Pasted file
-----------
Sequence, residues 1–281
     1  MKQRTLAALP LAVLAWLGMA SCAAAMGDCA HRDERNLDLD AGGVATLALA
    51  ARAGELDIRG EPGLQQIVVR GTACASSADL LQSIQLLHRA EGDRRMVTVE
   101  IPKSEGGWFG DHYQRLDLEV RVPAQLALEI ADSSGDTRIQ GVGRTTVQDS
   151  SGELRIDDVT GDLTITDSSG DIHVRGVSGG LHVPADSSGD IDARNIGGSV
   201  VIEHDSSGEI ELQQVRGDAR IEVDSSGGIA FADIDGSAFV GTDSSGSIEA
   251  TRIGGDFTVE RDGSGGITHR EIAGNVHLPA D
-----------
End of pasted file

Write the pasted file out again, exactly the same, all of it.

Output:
Sequence, residues 1–281
     1  MKQRTLAALP LAVLAWLGMA SCAAAMGDCA HRDERNLDLD AGGVATLALA
    51  ARAGELDIRG EPGLQQIVVR GTACASSADL LQSIQLLHRA EGDRRMVTVE
   101  IPKSEGGWFG DHYQRLDLEV RVPAQLALEI ADSSGDTRIQ GVGRTTVQDS
   151  SGELRIDDVT GDLTITDSSG DIHVRGVSGG LHVPADSSGD IDARNIGGSV
   201  VIEHDSSGEI ELQQVRGDAR IEVDSSGGIA FADIDGSAFV GTDSSGSIEA
   251  TRIGGDFTVE RDGSGGITHR EIAGNVHLPA D